John Lowman's and Ted Palys' article in the Bulletin (June), "When Research Ethics & the Law Conflict" should be of great interest to researchers in the social sciences in general, and criminology in particular.
While I understand their concern to protect the confidentiality of research data and the privacy/anonymity of research subjects, I do not understand their argument that the "limited confidentiality" clause required by Simon Fraser's ethics review procedures "traded away participants' right to confidentiality by undermining their only legal protection, the so-called Wigmore test."
The clause in question apparently assures participants that "Any information that is obtained during this study will be kept confidential to the full extent permitted by law." Since the "law" evidently incorporates the so-called Wigmore test, as Russel Ogden's experience before the Vancouver Coroner's Court and Lowman and Palys' analysis in the article confirm, how can it be said that the limited confidentiality clause undermines the Wigmore test?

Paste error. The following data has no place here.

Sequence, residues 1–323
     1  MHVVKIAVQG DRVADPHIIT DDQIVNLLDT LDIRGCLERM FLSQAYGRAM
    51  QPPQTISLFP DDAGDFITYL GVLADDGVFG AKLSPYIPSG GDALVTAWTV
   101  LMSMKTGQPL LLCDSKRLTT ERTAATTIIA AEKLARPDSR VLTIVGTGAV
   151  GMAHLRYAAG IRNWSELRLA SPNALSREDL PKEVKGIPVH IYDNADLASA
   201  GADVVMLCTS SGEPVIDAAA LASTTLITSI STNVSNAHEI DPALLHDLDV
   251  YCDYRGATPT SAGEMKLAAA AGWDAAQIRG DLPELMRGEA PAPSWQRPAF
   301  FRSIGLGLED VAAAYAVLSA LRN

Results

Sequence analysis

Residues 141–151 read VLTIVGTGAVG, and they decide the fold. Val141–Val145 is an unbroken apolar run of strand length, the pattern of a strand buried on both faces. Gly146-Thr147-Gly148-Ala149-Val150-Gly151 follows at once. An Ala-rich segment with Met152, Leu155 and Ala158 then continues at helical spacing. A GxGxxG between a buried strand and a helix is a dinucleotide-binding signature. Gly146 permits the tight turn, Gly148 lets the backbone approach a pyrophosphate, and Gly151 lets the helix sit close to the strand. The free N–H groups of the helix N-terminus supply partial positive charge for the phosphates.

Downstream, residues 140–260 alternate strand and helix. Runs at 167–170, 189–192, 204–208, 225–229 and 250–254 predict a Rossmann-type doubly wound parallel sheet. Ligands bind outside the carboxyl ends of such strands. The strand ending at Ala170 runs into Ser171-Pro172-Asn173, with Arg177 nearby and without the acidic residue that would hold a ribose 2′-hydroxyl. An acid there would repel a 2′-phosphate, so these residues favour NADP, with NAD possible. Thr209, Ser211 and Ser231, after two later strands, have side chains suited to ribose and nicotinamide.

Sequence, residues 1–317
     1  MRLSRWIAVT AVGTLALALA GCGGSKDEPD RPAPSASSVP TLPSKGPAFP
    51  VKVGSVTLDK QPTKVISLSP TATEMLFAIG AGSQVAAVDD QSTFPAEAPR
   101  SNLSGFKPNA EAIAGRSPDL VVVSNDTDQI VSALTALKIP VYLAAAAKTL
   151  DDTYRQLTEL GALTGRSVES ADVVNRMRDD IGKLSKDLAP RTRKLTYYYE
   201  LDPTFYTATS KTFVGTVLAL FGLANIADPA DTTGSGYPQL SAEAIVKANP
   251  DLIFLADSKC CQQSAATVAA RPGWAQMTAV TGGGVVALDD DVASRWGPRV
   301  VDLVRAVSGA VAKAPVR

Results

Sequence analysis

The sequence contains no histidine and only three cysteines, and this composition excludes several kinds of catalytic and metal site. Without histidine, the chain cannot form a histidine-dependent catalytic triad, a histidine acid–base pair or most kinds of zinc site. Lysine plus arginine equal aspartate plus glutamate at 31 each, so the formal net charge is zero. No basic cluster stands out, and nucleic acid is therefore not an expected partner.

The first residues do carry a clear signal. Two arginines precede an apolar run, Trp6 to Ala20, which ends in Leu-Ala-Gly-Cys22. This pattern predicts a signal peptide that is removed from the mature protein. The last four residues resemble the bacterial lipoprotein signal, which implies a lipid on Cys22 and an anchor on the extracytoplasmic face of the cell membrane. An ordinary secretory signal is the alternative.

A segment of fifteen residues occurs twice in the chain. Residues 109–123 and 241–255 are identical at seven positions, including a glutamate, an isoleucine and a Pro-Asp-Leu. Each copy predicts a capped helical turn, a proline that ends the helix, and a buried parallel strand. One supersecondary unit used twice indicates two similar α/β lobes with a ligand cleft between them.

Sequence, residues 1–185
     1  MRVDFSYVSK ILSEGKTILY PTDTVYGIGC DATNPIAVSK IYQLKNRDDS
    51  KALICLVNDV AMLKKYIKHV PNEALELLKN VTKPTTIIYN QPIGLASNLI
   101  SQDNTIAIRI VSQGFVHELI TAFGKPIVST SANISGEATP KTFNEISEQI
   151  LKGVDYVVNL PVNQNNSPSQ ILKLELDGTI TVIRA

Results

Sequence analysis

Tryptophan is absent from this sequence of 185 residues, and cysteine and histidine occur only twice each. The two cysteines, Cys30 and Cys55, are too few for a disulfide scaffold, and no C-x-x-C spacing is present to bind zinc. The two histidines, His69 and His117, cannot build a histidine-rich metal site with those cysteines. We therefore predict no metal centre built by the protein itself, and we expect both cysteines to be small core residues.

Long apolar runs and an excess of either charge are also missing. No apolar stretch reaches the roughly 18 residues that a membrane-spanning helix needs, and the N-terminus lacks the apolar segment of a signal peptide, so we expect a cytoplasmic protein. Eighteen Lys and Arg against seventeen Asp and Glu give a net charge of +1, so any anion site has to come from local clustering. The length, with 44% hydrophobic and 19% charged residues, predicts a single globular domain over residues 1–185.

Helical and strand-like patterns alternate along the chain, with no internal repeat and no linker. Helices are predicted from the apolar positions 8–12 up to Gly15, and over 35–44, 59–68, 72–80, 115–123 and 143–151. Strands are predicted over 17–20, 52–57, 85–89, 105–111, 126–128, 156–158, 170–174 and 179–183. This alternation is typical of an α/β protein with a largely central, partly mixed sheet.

Participants in research to which this clause relates evidently enjoy confidentiality to the full extent permitted by law, which includes the benefit of the Wigmore test, and any claims to confidentiality beyond these limits would certainly -- contrary to what Lowman and Palys assert -- involve a claim that such research should be "above the law."
When I last checked, academic freedom did not include freedom to ignore the established law of the land. If we find the law intolerable, of course we have the option to advocate changes to it but not the right to disobey it with impunity.
PHILIP C. STENNING
Criminology, University of Toronto